R-22 Phase Out Begins in U.S.

The recently issued U.S. government schedule for the phase out of R-22 is set to create opportunities for both the providers of natural refrigerants and for the developers of small charge technologies.

Those opportunities will become available as end users see “natural refrigerants as a more stable refrigerant choice for the future,” said Lowell Randel, IIAR’s Director of Government Relations.

Fostering the growth of those opportunities is the Environmental Protection Agency’s regulation that is steering the nation away from R-22.

That rule is designed to end R-22 use within the United States as quickly as possible, while providing industry some time to make the transition, he said.

R-22 is a hydrochlorofluorocarbon (HCFC)-22 that has been used as a refrigerant because it has a relatively low ozone depletion potential, but now, even HCFs with low ozone depletion potentials are being banned under the Montreal Protocol, which seeks to protect the ozone layer by phasing out the production of substances responsible for ozone depletion, as well as those that have high global warming potential.

R-22 is a greenhouse gas that has a global warming potential 1,810 times as powerful as carbon dioxide.

As directed by the Montreal Protocol, in October 2014, the EPA issued its final rule —Protection of Stratospheric Ozone: Adjustments to the Allowance System for Controlling HCFC Production, Import and Export, 2015- 2019 — that schedules the phase out of HCFC-22, which is mostly R-22.

The EPA developed the schedule for the phase out of R-22 in accordance with the Montreal treaty and the Clean Air Act, said Randel.

Once the EPA determined a baseline production level, the agency developed the schedule for the reduction of allowable amounts of R-22 that can be produced or imported from 2014 to 2020, so that by 2020, HCFC use is projected to decline by 99.5 percent below the baseline level.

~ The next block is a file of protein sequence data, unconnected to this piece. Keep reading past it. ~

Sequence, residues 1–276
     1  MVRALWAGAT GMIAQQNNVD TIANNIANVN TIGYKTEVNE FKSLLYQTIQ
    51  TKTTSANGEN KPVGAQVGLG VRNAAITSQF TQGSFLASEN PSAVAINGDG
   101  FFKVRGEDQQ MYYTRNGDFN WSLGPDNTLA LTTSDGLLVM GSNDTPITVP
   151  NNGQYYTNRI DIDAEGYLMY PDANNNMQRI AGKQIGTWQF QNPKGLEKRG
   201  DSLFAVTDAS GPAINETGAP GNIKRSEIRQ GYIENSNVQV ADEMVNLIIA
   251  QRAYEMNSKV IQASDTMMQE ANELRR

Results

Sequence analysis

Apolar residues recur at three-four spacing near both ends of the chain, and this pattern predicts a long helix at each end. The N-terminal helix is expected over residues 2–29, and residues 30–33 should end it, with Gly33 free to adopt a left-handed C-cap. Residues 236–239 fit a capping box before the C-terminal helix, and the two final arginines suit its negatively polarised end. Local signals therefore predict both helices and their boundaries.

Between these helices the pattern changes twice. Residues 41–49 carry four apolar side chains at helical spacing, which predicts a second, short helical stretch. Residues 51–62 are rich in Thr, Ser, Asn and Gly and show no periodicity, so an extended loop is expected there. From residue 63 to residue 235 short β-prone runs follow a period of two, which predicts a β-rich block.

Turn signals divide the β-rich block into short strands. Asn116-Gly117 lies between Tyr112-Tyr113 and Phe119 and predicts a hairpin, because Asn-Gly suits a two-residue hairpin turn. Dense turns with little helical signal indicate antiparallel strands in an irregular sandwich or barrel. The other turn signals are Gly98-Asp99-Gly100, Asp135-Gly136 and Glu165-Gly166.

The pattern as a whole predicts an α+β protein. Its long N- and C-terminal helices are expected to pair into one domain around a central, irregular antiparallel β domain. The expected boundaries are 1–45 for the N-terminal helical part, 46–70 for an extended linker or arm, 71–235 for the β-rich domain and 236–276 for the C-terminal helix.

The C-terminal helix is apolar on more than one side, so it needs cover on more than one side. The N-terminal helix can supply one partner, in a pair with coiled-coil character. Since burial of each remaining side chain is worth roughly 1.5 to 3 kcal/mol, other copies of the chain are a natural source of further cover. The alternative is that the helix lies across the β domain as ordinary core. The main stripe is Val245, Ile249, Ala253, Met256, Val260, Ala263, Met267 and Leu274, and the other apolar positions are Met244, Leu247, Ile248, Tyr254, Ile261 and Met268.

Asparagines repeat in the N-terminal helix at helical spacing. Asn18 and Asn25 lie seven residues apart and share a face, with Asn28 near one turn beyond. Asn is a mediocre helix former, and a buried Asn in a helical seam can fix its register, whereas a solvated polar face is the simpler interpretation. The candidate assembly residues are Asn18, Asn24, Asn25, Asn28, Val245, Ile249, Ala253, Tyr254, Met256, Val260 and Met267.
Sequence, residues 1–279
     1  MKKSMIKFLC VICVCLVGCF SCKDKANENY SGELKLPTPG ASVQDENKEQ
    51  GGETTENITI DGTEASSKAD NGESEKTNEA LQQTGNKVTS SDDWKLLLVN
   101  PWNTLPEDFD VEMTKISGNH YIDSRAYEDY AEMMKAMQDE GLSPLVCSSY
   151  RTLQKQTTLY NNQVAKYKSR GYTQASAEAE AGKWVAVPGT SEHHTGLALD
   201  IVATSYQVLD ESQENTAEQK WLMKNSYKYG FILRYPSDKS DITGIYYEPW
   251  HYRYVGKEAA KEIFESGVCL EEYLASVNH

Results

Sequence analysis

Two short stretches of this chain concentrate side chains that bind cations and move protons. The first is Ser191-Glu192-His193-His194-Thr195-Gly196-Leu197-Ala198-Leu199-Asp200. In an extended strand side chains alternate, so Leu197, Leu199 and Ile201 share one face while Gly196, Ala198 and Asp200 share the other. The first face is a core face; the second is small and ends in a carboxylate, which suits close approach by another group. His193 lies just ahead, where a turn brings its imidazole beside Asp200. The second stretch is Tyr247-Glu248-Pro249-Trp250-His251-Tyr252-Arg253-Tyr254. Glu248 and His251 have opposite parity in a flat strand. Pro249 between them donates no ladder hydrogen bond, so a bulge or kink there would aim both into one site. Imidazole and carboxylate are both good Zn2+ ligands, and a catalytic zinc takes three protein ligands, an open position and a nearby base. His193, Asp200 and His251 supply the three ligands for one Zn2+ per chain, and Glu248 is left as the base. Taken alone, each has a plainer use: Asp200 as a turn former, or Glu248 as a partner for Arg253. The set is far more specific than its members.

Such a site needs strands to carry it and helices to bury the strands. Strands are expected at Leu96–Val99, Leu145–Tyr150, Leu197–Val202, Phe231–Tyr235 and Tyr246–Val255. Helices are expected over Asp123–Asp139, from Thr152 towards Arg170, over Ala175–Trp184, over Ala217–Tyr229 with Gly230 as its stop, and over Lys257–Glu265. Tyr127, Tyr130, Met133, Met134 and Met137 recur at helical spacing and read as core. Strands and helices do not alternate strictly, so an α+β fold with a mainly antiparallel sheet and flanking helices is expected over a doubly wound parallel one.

Under the schedule, for 2015, the rule caps the production and import of R-22 at about 22 million pounds, which is a 29 million pound reduction from the 51 million pounds allowed in 2014.

For 2016, the cap is set at 18 million pounds of R-22; for 2017, 13 million pounds; for 2018, 9 million pounds; for 2019, 4 million pounds; and by 2020, the production and importation of R-22 is ended, according to the schedule.

The EPA’s phase out of R-22 is an aggressive schedule, and industry might find it to be more aggressive than expected, “but at this point, everyone knows that this is moving forward, so they are going to have to make their transition plans to match the schedule,” Randel said.

The rule does allow for the use of reclaimed R-22, but even that can become problematic as far as supply goes, according to Randel. R-22 that meets the reclamation standard can be recycled and reused, so it will remain an option, but limited supplies will increase its cost, he said.

Eventually, organizations are going to have to make decisions on which refrigerant they use for the longer term, and that is where the opportunity exists for the producers of natural refrigerants.

“If you’re in the ammonia or CO2 business, you can expect that some of the organizations that are transitioning away from R-22 are going to make the leap to natural refrigerants,” he said.

Such decisions by organizations become more likely as the trend grows in Europe to move away from HFCs. And the EPA has indicated that the U.S. is probably going to phase out the use of such HFCs as well.

While organizations will be aware that HFCs are likely to be banned in U.S., they will also be aware that the EPA is not going to ban ammonia or CO2 .

“From a policy perspective, organizations are going to end up saying natural is the more stable refrigerant,” Randel said.

The levels of how much ammonia or CO2 will be used in an organization’s refrigeration system will be determined by how large those refrigeration operations are, said Randel. In addition, because regulations for the safe use of ammonia such as the EPA’s Risk Management Program and the Occupational Safety and Health Administration’s (OSHA) Process Safety Management are imposed on larger systems with over 10,000 pounds of ammonia, smaller charge systems that avoid those regulations are likely to become attractive to users, and that creates opportunities for those technologies.

The technologies that have been developed over the last few years make it possible for organizations to use smaller charges of ammonia and still maintain the level of refrigeration that is needed by a facility, he said.